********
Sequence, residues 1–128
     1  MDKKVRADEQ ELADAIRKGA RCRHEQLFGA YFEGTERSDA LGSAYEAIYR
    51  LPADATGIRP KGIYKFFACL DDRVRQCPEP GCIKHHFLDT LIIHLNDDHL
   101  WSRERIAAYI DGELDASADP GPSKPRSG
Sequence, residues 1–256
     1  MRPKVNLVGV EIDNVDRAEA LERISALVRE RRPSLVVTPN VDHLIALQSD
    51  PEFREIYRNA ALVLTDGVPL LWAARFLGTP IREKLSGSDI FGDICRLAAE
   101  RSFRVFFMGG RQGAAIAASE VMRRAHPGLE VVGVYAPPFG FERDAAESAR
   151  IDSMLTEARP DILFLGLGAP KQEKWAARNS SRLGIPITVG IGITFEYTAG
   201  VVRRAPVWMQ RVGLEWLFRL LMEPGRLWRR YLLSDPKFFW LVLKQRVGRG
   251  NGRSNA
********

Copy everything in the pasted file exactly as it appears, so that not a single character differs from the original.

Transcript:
Sequence, residues 1–128
     1  MDKKVRADEQ ELADAIRKGA RCRHEQLFGA YFEGTERSDA LGSAYEAIYR
    51  LPADATGIRP KGIYKFFACL DDRVRQCPEP GCIKHHFLDT LIIHLNDDHL
   101  WSRERIAAYI DGELDASADP GPSKPRSG
Sequence, residues 1–256
     1  MRPKVNLVGV EIDNVDRAEA LERISALVRE RRPSLVVTPN VDHLIALQSD
    51  PEFREIYRNA ALVLTDGVPL LWAARFLGTP IREKLSGSDI FGDICRLAAE
   101  RSFRVFFMGG RQGAAIAASE VMRRAHPGLE VVGVYAPPFG FERDAAESAR
   151  IDSMLTEARP DILFLGLGAP KQEKWAARNS SRLGIPITVG IGITFEYTAG
   201  VVRRAPVWMQ RVGLEWLFRL LMEPGRLWRR YLLSDPKFFW LVLKQRVGRG
   251  NGRSNA